Today I had an epiphany in Economic History thanks to Ph.D. Isa Blumi who gave a lecture on “The Ottoman Legacy: Socio-Economic Dynamics and the Origins of Modern Politics” emphasizing the economic history of Egypt and The Ottoman Empire during the 18th. and 19th Centuries.
The first great argument was rooted in how Egypt had been already transforming its economy and society long before The Napoleonic French Campaign (1798-1801). As well, he made very clear how Napoleon’s interest in acquiring Egypt’s wheat was much more important than posing for a picture in front of the Sphinx. He explained the consequences of this invasion and the resulting liberation of Egypt by the genious of Muhammad Ali Pasha.
The epiphany to my research interest came when he localized the first modern factory 2,500 miles away from the cities of Derby, Birmingham and Manchester. Most surely, researching this argument would surely enlighten the current historiography of Economic History and establish more roots of entrepreneurial activity, innovation and mass production in the Middle East. Doing this will also disentail the roots of the creation of Wealth from the Eurocentric historigraphy that has been in fact characterized by its antipodes: mercantilism, patrimonialism and altruism.
If you are interested in learning more of this subjects here are recommended readings that Professor Blumi shared with me:
- Ariel Salzmann, “An Ancien Regime Revisited: ‘Privatization’ and Political Economy in the Eighteen-Century Ottoman Empire,” Politics & Society, Vol. 21 No. 4 (December 1993): 393-423.
- Peter Gran,Islamic Roots of Capitalism: Egypt, 1760-1840 (New edition: Syracuse University Press, 1998), first two chapters.
- Judith Tucker, “Decline of the Family Economy in Mid-Nineteenth-Century Egypt,” in The Modern Middle East, Albert Hourani et al eds., (Berkeley, 1993): 229-254.
- Akram Khater “’House’ to ‘Goddess of the House’: Gender, Class and Silk in 19th century Mt. Lebanon,” International Journal of Middle East Studies, 28/3 (1996): 325-348.
The Great Narrative in regard to 16th Century Spain is focused on the expansion of Spanish Mercantilism in America and in how the Ottomans were defeated at the naval Battle of Lepanto bringing their dominance of the Mediterranean to a close.
Sadly (to a great extent), this Euro-centric perspective started to change and more emphasis was given to the production of knowledge in the Peninsula via the appropriation of the culture and scientific knowledge brought to Europe by the al-Andalus Muslims. The Great Narrative and its “Western exceptionalism” discourse won the battle again and it focused on how “Europe” or the “West” acquired this knowledge and created a “Renaissance of Knowledge” while forgetting the source of it.
This Western Renaissance is today widely know and studied as the School of Salamanca. A School that Western historians like to remember as the product in 100% of Catholic Religion, Spanish rationalist theological work, Western humanism and by the Protestant Reformation that was consolidated in Salamanca with the writings of the Scholastics Francisco de Vitoria, Domingo de Soto, Martín de Azpilcueta (or Azpilicueta), Tomás de Mercado, and Francisco Suárez.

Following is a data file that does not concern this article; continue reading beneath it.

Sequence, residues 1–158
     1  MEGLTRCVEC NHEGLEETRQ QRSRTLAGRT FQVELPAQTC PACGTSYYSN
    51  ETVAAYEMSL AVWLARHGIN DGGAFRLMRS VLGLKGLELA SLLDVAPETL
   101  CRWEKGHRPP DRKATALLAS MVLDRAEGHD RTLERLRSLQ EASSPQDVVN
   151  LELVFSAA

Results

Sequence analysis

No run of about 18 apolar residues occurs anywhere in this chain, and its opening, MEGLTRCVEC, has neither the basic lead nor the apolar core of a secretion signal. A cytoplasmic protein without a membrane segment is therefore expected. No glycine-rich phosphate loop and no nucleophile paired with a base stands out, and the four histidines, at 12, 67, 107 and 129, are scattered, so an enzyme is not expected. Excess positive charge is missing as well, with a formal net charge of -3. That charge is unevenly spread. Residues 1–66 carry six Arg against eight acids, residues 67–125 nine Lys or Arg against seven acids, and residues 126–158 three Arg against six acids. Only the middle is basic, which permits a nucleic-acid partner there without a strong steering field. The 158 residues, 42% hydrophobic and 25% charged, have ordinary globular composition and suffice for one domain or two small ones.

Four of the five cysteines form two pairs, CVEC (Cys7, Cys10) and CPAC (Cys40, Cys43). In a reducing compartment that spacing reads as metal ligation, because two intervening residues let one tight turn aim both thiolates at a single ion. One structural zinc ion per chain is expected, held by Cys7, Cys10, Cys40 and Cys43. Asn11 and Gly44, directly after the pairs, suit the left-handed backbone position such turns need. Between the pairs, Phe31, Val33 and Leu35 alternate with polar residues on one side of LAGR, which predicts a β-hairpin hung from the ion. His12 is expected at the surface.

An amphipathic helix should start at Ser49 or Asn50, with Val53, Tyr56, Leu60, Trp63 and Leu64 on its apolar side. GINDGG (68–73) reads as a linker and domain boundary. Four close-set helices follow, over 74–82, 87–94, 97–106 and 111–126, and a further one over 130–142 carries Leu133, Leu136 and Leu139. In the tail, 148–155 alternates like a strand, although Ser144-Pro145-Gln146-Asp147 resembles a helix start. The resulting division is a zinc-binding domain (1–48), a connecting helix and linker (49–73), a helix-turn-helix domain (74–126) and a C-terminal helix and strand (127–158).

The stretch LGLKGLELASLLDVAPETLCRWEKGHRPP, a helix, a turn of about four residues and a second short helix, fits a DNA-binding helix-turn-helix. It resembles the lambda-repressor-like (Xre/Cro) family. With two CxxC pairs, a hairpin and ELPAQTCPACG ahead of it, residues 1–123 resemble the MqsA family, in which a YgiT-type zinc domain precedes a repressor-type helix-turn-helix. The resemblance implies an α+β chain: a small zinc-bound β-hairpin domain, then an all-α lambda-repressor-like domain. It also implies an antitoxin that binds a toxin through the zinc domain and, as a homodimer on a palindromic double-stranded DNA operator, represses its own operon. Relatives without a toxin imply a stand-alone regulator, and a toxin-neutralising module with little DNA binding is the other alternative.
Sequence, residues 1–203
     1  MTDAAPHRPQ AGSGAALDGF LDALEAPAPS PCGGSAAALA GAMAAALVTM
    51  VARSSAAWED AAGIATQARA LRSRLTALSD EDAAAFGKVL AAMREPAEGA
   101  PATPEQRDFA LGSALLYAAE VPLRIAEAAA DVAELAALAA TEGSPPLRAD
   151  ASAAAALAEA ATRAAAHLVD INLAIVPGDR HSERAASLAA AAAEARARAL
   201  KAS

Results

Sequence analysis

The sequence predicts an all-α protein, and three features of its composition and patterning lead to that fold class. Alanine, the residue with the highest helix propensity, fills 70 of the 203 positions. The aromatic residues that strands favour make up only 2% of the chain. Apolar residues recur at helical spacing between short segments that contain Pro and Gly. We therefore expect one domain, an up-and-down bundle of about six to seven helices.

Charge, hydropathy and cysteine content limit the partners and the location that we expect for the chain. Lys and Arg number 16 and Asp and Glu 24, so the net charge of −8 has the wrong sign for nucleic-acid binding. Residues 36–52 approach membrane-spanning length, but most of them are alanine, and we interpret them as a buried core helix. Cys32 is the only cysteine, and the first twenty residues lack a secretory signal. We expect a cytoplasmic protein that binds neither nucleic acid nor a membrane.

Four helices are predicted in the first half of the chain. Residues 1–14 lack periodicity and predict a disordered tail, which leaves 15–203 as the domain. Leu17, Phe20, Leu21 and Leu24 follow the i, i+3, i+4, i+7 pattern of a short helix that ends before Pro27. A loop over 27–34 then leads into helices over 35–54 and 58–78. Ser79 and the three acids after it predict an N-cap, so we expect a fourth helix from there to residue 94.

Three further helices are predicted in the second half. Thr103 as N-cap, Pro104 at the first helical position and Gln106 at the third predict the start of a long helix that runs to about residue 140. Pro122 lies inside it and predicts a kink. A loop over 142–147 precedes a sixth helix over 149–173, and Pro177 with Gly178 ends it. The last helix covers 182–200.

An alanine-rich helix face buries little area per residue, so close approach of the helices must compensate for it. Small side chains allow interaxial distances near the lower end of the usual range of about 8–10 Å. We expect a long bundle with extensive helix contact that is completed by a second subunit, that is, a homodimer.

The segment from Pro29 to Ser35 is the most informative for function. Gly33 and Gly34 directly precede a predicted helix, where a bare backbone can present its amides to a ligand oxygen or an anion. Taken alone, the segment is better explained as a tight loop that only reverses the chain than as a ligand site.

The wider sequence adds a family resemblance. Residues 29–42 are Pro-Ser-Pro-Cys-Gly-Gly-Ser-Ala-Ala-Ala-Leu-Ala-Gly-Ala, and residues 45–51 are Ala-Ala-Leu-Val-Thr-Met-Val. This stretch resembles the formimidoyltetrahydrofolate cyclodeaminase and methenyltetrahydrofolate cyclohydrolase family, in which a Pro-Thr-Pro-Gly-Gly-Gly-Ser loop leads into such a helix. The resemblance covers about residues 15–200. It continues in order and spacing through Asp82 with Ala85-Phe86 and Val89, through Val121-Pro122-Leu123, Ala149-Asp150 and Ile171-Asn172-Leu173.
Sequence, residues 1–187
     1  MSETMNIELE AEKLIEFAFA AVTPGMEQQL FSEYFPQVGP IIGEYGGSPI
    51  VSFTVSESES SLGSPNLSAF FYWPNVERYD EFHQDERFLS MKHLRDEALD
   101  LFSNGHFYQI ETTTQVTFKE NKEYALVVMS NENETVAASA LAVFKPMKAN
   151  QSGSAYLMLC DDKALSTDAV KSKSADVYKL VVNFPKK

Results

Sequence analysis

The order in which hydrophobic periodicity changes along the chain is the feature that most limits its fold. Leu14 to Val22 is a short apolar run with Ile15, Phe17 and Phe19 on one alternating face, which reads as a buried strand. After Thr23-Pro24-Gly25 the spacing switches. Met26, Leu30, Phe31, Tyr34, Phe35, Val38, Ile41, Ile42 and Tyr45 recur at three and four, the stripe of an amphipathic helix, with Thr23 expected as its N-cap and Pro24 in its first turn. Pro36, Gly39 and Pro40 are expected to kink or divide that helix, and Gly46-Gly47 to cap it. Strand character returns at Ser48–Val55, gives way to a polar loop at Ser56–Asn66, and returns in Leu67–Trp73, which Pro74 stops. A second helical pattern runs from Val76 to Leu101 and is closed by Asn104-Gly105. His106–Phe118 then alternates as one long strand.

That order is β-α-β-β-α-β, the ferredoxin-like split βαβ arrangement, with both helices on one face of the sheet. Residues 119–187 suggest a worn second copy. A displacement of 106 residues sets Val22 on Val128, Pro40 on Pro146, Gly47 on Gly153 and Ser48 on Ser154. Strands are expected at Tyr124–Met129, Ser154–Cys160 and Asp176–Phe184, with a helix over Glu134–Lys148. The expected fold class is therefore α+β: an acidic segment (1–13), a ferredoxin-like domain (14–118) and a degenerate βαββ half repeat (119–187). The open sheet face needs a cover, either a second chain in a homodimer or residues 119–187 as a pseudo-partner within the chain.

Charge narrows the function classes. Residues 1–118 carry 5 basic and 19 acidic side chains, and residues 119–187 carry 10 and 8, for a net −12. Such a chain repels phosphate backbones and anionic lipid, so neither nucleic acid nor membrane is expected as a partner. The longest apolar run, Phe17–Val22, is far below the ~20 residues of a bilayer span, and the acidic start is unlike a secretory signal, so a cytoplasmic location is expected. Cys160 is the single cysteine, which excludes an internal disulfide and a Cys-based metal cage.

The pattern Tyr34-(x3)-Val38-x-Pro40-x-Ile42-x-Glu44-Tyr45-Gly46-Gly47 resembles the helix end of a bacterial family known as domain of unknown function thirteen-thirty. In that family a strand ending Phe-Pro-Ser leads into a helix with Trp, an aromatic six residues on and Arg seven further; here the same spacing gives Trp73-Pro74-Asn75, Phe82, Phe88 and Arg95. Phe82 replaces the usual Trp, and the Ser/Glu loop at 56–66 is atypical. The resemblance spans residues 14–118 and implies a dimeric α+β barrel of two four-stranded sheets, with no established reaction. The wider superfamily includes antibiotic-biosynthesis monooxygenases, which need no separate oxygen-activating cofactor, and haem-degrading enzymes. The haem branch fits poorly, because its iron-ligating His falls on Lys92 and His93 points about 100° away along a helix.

The “non-western” roots of this Renaissance in the Spanish Peninsula are still not well discussed nor researched. There’s still the need for further study the inherited knowledge from the al-Andalus Muslims (who were later known as Mudéjars) and to establish a direct link of many of the roots of “Europe’s Renaissance” in places as far as the Tigris and Eufrates.
Today, my book recommendation will be a great work that exemplifies how this Great Narrative idealized the School of Salamanca as the product of 100% “Western values”. It is worth reading and studying carefully in order to not commit the same mistakes.
The School of Salamanca
Marjorie Grice-Hutchinson’s remarkable classic, The School of Salamanca, posed an extraordinary challenge when it first appeared in 1952. The book is not only a pioneering presentation of this lost school of monetary theory—fantastic thinkers of Old Spain that were more advanced than the English classicals centuries later–it is also beautifully written.
I am very happy to learn that Universidad Francisco Marroquín has a new MA in History (official website in Spanish).
It seems that the program will be leaded by the Sociologist Carlos Sabino and the Institute of Political Studies and International Relations – link in Spanish (from where I got my BA). The focus of the MA is in the teaching of methodological methods to research history topics and current historiography.
Some of the courses they will offer are:
Some of its faculty are:
The MA seems to be focused on the methodological research skills in History. I am certainly not a huge fan of Methodologies in Research and would have many things to question in regard to the focus of this M.A. Also, the Euro-centric structure of the Program is something I really do not like.
This is a great step for UFM and Guatemala. I am certain that in the following years we’ll see a change of how the M.A. programs of Social Sciences and History will evolve from such Methodology centered and Eurocentric studies into new fields of Global History, Migration Studies, Transnational Politics, International Commerce & Globalization.
I celebrate this new M.A. program in a country that needs the knowledge of Researchers and Postgraduate students urgently.